After the Heidelberg Congress, future meetings were held in London, Paris and Lausanne. The number of students participating in these gatherings, as well as the other activities of the Confederation, saw a rapid increase. Amongst the new demands made by the students in December of 1961 was the right of women to vote. Within two years, this too, like the demand for college graduates to teach in the Iranian country-side, would become a principle of the White Revolution.
In January of 1964, the third Congress was convened. By then the student movement was deeply influenced by the victories of the Cuban and Algerian revolutions. A new kind of radicalism, emphasizing revolutionary violence as the sole path to liberation, began to develop roots amongst the Iranians. In Iran, the unsuccessful premiership of Ali Amini, and the fact that the mass uprising of people in Iran in 1963 was brutally suppressed, helped further this process of radicalization. The fact that the Shah’s regime had successfully eliminated all political groups and organizations in Iran meant that by 1964 the Confederation emerged as the sole political organization articulating the demands of the Iranian people.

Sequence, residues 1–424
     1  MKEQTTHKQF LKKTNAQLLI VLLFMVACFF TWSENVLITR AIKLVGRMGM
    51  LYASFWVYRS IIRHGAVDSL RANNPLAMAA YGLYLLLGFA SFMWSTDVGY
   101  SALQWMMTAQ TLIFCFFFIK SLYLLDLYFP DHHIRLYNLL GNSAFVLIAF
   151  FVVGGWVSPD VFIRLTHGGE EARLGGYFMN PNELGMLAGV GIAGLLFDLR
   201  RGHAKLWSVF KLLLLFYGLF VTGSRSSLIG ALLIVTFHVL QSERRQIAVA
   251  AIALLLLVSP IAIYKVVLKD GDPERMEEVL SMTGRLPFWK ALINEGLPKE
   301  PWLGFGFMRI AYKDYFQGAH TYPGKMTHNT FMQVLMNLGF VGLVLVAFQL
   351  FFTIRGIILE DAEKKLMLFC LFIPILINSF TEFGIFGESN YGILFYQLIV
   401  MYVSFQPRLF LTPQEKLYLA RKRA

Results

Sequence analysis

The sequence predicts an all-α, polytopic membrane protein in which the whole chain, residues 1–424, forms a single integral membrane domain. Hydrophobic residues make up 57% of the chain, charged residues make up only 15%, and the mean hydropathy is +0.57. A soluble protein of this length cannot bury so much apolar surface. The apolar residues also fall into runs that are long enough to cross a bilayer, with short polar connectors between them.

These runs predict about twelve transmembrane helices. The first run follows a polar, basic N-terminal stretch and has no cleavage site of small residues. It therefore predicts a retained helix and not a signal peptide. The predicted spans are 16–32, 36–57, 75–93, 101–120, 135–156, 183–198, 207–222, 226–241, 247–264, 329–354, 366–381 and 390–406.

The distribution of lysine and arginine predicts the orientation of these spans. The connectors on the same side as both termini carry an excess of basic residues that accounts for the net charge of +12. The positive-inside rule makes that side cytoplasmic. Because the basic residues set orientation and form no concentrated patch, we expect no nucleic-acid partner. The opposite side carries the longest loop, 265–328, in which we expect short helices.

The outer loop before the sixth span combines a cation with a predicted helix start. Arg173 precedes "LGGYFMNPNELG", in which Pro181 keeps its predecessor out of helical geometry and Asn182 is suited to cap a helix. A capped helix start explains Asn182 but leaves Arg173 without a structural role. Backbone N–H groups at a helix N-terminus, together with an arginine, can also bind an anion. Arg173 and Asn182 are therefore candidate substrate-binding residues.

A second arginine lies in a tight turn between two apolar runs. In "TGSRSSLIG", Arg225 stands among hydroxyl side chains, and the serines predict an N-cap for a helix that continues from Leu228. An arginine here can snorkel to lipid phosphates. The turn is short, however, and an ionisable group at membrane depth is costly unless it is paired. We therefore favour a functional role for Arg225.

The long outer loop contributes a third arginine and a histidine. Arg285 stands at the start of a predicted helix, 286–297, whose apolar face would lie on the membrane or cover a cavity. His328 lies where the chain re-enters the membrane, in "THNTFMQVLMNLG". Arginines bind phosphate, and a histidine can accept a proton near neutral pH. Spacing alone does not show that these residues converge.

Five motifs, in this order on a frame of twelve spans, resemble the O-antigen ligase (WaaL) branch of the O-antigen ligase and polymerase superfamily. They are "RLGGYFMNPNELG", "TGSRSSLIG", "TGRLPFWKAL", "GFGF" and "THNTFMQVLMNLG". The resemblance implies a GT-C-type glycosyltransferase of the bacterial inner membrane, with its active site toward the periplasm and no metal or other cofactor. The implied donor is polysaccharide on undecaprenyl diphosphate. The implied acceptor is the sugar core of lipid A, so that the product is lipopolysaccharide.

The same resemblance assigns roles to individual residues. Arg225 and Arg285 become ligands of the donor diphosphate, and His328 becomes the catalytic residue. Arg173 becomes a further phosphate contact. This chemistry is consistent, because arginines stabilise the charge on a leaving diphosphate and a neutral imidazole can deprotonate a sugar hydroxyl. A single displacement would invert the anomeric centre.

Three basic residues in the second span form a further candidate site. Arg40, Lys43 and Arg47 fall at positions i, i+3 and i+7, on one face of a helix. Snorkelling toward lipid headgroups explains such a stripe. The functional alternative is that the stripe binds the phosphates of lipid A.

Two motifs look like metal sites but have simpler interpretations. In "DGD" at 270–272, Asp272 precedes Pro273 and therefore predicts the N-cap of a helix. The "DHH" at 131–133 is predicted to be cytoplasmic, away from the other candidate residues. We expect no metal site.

In spite of these changes in the overall intellectual and political atmosphere, the Society of Iranian Socialists continued to insist on a reformist path. And thus by the time of the third Congress, in London, their political fortune began to decline. The old leadership of the Tudeh party was equally incapable of changing with the new circumstances. The fact that they were a satellite of the Soviet Union, and had to follow the Big Brother’s party line further contributed to their political sclerosis.
Between January of 1960, when the first Congress was convened, to January of 1964, drastic changes had occurred in the nature of the demands of the Iranian students. Opposition to the despotic rule of Mohammed Reza Shah had by then emerged as a key element of the students’ political agenda.